The number of distributions is staggering – the go-to site that tracks Linux distributions (https://distrowatch.com/dwres.php?resource=popularity) lists 265 various Linux distributions on its distribution popularity page at the time of writing. The sheer number of them makes it necessary to limit the book to three of our choosing. For the most part, it doesn’t make a difference which one you choose for yourself, except maybe in licensing and subscription if you choose a commercial one. Each time the choice of distribution makes a difference, especially a technical one, we will point it out.
Choosing a distribution is more than just a pragmatic choice. The Linux community is deeply driven by ideals. For some people, they are the most important ideals on which they build their lives. Harsh words have been traded countless times over which text editor is better, based on their user interface, the license they are published with, or the quality of the source code. The same level of emotion is displayed toward the choice of software to run the WWW server or how to accept new contributions. This will inevitably lead to the way the Linux distribution is installed, what tools there are for configuration and maintenance, and how big the selection of software installed on it out of the box is.
Having said that, we have to mention that even though they have strong beliefs, the open-source community, the Linux community included, is a friendly bunch. In most cases, you’ll be able to find help or advice on online forums, and the chances are quite high that you will be able to meet them in person.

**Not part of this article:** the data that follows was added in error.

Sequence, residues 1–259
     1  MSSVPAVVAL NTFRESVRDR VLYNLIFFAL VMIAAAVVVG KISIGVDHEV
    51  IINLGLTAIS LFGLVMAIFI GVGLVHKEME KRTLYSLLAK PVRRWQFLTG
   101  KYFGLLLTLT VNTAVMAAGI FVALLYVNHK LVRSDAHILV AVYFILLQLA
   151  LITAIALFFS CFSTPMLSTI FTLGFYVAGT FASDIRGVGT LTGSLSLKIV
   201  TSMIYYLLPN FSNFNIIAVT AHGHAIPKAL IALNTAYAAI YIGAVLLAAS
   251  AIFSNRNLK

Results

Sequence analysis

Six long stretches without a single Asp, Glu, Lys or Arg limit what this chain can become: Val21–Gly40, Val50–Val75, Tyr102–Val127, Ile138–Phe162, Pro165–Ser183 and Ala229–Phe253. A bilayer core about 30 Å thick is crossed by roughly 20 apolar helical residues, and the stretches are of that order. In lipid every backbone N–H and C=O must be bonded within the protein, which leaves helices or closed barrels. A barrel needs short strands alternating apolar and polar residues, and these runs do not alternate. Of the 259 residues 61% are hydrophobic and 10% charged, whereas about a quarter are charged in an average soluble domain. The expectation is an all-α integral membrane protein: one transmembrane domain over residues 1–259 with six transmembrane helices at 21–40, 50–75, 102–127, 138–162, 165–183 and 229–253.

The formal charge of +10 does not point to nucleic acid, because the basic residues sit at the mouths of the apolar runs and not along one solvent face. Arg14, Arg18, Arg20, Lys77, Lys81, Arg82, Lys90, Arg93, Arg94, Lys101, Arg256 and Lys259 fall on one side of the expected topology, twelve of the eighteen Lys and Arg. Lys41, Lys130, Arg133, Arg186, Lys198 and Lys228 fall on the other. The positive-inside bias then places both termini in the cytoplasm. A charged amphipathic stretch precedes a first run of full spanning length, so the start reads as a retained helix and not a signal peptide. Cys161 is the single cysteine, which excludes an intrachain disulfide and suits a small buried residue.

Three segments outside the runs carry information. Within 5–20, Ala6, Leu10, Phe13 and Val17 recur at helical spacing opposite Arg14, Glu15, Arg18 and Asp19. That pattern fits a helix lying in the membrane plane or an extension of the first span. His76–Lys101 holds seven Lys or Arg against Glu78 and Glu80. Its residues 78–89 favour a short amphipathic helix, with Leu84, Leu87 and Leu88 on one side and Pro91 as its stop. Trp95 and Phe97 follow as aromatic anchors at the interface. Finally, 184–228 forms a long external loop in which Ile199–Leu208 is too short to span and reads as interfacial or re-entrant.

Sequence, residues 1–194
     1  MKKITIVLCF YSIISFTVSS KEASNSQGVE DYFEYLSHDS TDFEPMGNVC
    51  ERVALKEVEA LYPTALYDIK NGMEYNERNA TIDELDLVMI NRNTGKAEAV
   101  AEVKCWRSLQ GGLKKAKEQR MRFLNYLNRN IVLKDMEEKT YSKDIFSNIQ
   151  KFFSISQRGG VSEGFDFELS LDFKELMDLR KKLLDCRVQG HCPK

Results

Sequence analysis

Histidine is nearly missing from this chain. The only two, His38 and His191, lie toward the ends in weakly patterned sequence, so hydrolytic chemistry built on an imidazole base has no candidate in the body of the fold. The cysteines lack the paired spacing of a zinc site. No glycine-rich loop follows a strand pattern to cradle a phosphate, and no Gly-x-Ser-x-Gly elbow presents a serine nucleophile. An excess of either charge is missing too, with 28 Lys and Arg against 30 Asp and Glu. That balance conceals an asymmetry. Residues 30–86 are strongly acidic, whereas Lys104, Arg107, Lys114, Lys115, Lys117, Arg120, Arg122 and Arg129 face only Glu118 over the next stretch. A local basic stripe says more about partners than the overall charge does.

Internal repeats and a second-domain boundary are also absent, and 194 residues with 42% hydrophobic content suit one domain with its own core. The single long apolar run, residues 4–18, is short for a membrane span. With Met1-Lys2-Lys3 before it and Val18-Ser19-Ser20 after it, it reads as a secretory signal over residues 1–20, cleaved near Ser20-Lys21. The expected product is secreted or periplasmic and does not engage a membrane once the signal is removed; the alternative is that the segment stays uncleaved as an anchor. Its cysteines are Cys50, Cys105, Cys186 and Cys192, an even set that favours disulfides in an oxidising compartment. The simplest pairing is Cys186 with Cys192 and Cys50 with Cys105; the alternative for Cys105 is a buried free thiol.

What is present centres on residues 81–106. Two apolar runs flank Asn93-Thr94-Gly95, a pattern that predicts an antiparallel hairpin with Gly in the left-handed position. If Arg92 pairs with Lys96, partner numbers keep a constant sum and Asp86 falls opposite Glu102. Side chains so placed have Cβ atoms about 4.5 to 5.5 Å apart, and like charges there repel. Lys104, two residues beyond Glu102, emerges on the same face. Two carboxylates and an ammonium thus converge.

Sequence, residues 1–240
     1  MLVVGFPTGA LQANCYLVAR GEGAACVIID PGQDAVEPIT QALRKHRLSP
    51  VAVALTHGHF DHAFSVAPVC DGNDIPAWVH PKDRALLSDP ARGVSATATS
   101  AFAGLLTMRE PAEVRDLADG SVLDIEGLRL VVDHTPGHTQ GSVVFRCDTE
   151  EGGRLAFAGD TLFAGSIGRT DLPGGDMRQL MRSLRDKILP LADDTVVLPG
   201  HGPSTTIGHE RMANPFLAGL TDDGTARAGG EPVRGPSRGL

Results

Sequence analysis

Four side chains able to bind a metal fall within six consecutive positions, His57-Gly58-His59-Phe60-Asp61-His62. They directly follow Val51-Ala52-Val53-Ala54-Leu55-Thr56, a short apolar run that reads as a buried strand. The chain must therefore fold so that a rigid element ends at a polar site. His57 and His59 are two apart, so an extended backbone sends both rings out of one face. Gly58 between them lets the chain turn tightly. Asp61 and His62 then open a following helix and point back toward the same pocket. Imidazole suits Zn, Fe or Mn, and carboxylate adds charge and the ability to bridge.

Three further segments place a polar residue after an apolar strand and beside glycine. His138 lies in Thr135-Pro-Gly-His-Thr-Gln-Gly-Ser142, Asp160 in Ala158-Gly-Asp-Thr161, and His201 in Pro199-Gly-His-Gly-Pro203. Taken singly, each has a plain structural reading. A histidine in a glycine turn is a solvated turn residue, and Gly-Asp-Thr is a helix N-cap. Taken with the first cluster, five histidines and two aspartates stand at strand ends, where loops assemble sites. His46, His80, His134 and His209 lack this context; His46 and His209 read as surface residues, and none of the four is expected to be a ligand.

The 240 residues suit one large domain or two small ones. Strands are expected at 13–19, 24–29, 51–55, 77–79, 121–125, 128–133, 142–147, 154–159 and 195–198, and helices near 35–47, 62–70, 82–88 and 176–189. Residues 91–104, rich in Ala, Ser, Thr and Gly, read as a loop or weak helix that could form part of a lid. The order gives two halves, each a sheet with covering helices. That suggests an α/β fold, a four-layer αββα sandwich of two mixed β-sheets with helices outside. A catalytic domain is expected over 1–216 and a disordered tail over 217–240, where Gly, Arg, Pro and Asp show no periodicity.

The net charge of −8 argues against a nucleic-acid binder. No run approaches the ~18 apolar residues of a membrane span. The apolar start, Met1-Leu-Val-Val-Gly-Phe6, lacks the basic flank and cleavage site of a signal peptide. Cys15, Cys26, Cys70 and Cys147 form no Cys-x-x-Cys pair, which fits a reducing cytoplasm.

- Is the software you wish to run supported on the distribution? Some commercial software limits the number of distributions it publishes packages for. It may be possible to run them on unsupported versions of Linux, but this may be tricky and prone to disruptions.
- Which versions of the software you intend to run are available? Sometimes, the distribution of choice doesn’t update your desired packages often enough. In the world of the cloud, software a few months old may already be outdated and lack important features or security updates.
- What is the licensing for the distribution? Is it free to use or does it require a subscription plan?
- What are your support options? For community-driven free distributions, your options are limited to friendly Linux gurus online and in the vicinity. For commercial offerings, you can pay for various support offerings. Depending on your needs and budget, you can find a mix of support options that will suit your requirements and financial reserves.